Such a Bore
Everyone has a mental picture of what a tax professional or accountant looks like. Probably pretty boring, right? Dull. Predictable. Not quite smart enough to do useful work, like engineering. Definitely not slick enough for sales. Probably balding and paunchy, bleary-eyed from too many late nights at the office typing numbers into boxes on government forms. But that’s not always the case . . . so let’s take a look at a couple of fun stories that shatter that stereotype.
First, Dorothy Steel. Dorothy spent decades working as a senior revenue officer for the IRS before retiring on December 7, 1984. But “retirement” must not have suited her as well as she expected, so at age 88, she took up a new pursuit — acting. She started at an Atlanta-area senior center, then worked her way up to TV and short-film roles. In November, 2016, her agent called about a part in some “comic book” movie that would have required her to speak in an African accent. She scoffed and told her agent to pass.
But then she told her grandson about the part. After he picked his jaw up off the floor, he told her that Black Panther would be a big, big deal. “My grandson said to me, ‘You’re always talking about stepping out on faith. I either want you to man up or shut up,'” Steel told the Washington Post, laughing at the memory.
So Dorothy sent in her audition tape. An hour after producers saw it, they said, “Who is that old lady? We want her.” The next day, she had the part. Now millions of fans across the globe have seen the former tax collector as a Tribal Elder advising Wakanda’s King T’Challa in Marvel’s newest billion-dollar grossing hit.
Next, Scott Foster. Scott’s a 36-year-old accountant for Golub Capital, a private lender focused on middle-market and late-stage lending. (Ok, boring.) He played hockey for Western Michigan University and still plays in a local beer league. He’s also the Chicago Blackhawks’ designated “emergency goalie” — a job that usually means sitting in the press box and eating free food. On March 29, though, goaltender Anton Forsberg hurt himself during practice, and rookie backup Collin Delia hurt himself six minutes into the third period. That meant time for Foster’s NHL debut.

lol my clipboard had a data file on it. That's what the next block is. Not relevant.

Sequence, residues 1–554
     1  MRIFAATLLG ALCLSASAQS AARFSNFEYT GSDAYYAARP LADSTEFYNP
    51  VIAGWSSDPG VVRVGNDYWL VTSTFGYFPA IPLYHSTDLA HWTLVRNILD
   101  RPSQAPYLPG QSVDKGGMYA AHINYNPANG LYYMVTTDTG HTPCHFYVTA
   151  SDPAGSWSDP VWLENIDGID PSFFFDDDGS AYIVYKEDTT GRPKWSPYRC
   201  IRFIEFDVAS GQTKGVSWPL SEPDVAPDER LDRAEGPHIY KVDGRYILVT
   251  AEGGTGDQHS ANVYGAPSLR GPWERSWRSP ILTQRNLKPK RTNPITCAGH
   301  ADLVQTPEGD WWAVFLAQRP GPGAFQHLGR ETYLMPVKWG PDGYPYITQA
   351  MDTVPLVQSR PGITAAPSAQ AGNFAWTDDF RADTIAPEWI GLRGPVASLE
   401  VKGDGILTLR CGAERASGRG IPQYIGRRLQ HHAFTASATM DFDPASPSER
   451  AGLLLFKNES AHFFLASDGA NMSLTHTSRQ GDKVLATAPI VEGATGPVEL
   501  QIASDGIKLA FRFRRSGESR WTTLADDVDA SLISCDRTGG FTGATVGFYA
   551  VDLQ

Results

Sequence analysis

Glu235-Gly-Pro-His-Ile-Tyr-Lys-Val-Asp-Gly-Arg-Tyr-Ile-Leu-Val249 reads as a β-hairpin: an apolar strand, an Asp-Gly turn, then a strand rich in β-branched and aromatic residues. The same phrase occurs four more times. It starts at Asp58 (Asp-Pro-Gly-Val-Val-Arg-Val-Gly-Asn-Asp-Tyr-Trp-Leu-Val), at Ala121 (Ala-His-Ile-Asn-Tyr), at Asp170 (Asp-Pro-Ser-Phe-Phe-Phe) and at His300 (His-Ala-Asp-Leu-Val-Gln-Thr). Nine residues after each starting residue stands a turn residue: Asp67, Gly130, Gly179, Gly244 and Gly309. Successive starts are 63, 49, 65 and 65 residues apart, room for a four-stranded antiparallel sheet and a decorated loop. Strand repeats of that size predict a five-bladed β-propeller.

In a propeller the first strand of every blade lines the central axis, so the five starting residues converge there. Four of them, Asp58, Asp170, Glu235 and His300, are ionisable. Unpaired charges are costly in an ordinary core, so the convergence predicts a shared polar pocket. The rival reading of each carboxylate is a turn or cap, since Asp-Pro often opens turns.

Foster killed it during his time in the crease. Donning #90, he played 14 minutes and one second, and stopped all six shots he faced from the visiting Winnipeg Jets. The crowd began chanting “FOS-TER, FOS-TER, FOS-TER” before roaring in applause at the final horn. His teammates awarded him the team belt for player of the game.
Foster’s performance may even earn him a new start from the U.S. Hockey League’s Chicago Steel. “If Scott can handle itemized deductions as well as he handles a Dustin Byfuglien slap shot, he’ll be a great asset,” said Steel president Dan Lehv in a press release. “Overall, our starting accountants have been doing a good job for us. But as we all know, anything can happen in the crazy, fast-paced world of accounting. Last year’s Academy Awards are a prime example. We couldn’t see a guy like Scott Foster misplacing the Best Picture envelope. He seems like a ‘no loopholes’ kind of guy.”
Dorothy Steel and Scott Foster both offer a valuable lesson: it’s never too late to start. And that applies to paying less tax, too. So email us when you’re ready to save. We promise the savings won’t be boring!
Photo Credit: swiemker [Creative Commons CC0], via Creative Commons
Donna Bordeaux, CPA with Calculated Moves
Creativity and CPAs don’t generally go together. Most people think of CPAs as nerdy accountants who can’t talk with people. Well, it’s time to break that stereotype. Lively, friendly, and knowledgeable can be a part of your relationship with your CPA as demonstrated by Donna and Chad Bordeaux. They have over 50 years of combined experience as entrepreneurial CPAs. They’ve owned businesses and helped business owners exceed their wildest dreams. They have been able to help businesses earn many times more profit than the average business in the same industry and are passionate about helping industries that help families build great memories.